Hans-Georg Moeller and Dan Sarafinas discuss contemporary debates on “political correctness” and related moral and social issues. They point to concepts such as virtue speech (“virtue signalling”), civil religion, and the role of critique to better understand their nature. Episode 1–Virtue Speech: … Continue reading →
SUNY has published Maria Franca Sibau, Reading for the Moral: Exemplarity and the Confucian Moral Imagination in Seventeenth-Century Chinese Short Fiction. A new perspective that should shed light on discussions of roles, roles ethics, virtue ethics, and exemplarity! More info is … Continue reading →
Public Lecture: The Logic in Confucian Virtues Prof. Li Maosen 李茂森 (Renmin University of China) Place: Confucius Institute Leipzig, Otto-Schill.Str.1, 04109 Leipzig Time: Monday, 8 January 2018, 6 pm It is believed in the Confucian moral ideas that human needs … Continue reading →
This book is notable for drawing on multiple traditions of thought about virtue, including Confucianism and Buddhism… Notre Dame Philosophical Reviews 2017.04.20 View this Review Online View Other NDPR Reviews Shannon Vallor, Technology and the Virtues: A Philosophical Guide … Continue reading →
Shannon Vallor, Technology and the Virtues: A Philosophical Guide to a Future Worth Wanting (Oxford, 2016) has just been published; information here. The book draws on Aristotelian, Confucian, and Buddhist virtue ethics as it explores a path toward a “future worth … Continue reading →
Confucius’ remark at Analects 1.6 is often cited to show that he thought proper moral development begins with filial piety and then extends that attitude to ever-larger groups of people (ever less intensely). I shall argue that the remark does … Continue reading →
Owen Flanagan and Wenqing Zhao write… As part of our Templeton-St. Louis funded “Varieties of Well-Being” project, Owen Flanagan and Wenqing Zhao are inaugurating an international blog on well-being in different cultural traditions. We desire to engage in public outreach … Continue reading →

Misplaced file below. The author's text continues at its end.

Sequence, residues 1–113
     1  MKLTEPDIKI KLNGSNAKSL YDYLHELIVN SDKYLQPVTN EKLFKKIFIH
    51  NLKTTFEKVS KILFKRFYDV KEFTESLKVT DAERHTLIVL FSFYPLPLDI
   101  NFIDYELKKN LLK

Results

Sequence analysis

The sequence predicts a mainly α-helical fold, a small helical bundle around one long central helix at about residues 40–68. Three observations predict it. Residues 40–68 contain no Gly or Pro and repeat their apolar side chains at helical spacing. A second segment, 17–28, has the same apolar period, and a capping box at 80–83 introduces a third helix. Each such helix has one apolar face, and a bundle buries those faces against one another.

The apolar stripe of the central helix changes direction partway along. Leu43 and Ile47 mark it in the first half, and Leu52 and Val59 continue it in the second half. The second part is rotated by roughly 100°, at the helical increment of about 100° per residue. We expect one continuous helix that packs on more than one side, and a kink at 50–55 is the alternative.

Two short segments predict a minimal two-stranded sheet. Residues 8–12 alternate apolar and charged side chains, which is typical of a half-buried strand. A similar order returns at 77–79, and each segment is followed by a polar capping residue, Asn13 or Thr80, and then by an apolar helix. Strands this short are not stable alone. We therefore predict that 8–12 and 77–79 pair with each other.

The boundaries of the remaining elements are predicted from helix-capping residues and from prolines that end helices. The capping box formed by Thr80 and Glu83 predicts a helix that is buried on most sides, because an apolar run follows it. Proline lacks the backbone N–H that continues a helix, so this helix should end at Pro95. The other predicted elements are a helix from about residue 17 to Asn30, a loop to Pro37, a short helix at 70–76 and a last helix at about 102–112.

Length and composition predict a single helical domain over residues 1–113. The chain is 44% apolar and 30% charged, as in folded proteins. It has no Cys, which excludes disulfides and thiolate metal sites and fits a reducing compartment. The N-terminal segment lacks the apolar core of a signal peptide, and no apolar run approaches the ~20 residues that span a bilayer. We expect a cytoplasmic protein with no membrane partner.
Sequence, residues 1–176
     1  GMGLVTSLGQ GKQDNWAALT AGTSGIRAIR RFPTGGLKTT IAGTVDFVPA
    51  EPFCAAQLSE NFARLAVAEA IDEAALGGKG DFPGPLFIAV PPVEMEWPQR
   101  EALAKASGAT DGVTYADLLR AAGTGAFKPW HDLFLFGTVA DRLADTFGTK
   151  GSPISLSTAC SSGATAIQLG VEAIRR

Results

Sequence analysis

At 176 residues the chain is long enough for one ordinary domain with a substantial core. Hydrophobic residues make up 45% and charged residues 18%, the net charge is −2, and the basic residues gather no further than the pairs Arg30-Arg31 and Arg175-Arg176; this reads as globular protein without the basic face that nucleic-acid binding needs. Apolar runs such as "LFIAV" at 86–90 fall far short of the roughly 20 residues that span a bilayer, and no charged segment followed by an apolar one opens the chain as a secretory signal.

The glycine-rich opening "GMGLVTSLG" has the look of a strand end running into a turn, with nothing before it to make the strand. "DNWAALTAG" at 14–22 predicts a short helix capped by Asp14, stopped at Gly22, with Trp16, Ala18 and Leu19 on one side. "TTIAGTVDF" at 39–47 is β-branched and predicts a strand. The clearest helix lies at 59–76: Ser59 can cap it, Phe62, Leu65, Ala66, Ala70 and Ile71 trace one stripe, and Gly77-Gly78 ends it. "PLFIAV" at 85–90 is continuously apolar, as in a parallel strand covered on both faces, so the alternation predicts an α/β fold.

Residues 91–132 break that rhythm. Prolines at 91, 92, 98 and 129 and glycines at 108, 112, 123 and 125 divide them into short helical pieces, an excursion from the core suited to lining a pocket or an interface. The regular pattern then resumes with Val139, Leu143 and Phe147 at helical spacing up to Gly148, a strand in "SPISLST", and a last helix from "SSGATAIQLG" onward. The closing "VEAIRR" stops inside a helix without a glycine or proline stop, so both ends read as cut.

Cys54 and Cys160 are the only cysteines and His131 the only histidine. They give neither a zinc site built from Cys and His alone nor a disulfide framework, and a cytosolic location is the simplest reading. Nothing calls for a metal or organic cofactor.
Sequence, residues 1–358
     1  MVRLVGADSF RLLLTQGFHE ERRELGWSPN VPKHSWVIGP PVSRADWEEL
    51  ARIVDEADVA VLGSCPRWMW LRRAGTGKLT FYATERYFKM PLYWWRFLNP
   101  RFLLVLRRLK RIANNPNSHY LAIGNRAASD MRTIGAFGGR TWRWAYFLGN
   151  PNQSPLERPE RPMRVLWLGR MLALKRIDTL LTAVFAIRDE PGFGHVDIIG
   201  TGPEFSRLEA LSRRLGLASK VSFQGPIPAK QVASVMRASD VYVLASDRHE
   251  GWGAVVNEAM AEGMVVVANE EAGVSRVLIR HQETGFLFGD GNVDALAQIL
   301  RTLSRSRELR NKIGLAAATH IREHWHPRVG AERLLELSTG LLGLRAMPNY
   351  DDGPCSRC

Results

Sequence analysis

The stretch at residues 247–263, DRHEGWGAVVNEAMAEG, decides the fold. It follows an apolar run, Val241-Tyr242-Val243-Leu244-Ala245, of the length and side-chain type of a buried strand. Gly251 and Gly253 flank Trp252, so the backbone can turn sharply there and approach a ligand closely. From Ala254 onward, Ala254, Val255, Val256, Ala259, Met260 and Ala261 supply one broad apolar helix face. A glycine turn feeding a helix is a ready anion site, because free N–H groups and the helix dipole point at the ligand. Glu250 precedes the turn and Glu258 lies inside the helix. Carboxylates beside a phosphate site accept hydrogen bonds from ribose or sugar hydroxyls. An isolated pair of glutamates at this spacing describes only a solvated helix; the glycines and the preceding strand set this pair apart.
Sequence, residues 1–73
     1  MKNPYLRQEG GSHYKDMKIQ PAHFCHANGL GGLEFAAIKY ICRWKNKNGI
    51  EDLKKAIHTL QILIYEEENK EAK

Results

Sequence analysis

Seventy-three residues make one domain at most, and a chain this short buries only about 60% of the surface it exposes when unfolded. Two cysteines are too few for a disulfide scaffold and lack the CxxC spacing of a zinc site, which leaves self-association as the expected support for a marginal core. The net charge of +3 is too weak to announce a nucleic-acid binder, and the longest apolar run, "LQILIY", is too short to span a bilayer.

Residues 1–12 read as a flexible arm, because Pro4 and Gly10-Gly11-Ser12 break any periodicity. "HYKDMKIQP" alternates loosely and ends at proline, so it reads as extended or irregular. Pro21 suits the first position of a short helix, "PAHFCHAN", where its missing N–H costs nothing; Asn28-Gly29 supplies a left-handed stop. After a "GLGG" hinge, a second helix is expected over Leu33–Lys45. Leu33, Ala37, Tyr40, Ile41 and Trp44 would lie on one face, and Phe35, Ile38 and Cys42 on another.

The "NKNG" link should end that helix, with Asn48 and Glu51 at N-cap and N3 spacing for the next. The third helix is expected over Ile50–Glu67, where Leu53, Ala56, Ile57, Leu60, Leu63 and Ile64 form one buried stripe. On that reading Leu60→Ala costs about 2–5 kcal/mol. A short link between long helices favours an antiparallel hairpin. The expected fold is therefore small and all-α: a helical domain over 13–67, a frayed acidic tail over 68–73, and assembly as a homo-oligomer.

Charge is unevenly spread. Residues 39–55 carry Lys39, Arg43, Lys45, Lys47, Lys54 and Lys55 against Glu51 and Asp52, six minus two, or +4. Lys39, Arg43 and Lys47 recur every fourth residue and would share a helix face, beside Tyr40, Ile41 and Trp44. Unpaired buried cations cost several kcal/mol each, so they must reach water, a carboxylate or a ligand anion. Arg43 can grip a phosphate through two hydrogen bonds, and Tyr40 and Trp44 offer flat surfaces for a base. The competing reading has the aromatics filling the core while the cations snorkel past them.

Did Confucius think that if one of us has general virtue, or some particular virtue such as courage or filial piety, that general or particular virtue will have a substantial tendency to spread directly to the people around her, even if she … Continue reading →
Mat Foust has published a review of Stephen C. Angle and Michael Slote, eds., Virtue Ethics and Confucianism (Routledge, 2013) in the Sungkyun Journal of East Asian Studies. The full text of the review is available on-line here (look for “Book Review … Continue reading →
With the support of the John Templeton Foundation, and subject to a final grant agreement, the University of Connecticut’s Humanities Institute announces a funding proposal competition of $2 million dollars to support interdisciplinary research projects on intellectual humility and its … Continue reading →
I was intrigued by Brandon Warmke’s recent review in NDPR of Judith Andre’s book Worldly Virtue: Moral Ideals and Contemporary Life. Apparently Andre makes considerable (and self-aware) use of Buddhist ideas as she argues that “the realities of our contemporary world require us both … Continue reading →
Erica Lucast Stonestreet’s review at NDPR of Nancy E. Snow (ed.), Cultivating Virtue: Perspectives from Philosophy, Theology, and Psychology (Oxford University Press, 2015) highlights Ted Slingerland’s contribution to the volume, nicely bringing Chinese philosophy into this broader conversation.
Kenneth Winston of Harvard’s Kennedy School writes: I am pleased to announce the publication of my book “Ethics in Public Life: Good Practitioners in a Rising Asia” from Palgrave Macmillan. The book is a set of five case studies of … Continue reading →
Xiaomei Yang’s review of Stephen C. Angle (Ph.D, 1994) and Michael Slote, eds., Virtue Ethics and Confucianism has appeared in the most recent issue of Ethics, Vol. 125,# 1, 2014. Joseph’s Chan’s feature review of my book Contemporary Confucian Political Philosophy: Toward … Continue reading →
Hagop Sarkissian’s review of Virtue Ethics and Confucianism (Routledge, 2013) has been published at NDPR. Comments on the review or the book itself are welcome! I will also paste the review below. Thanks, Hagop!
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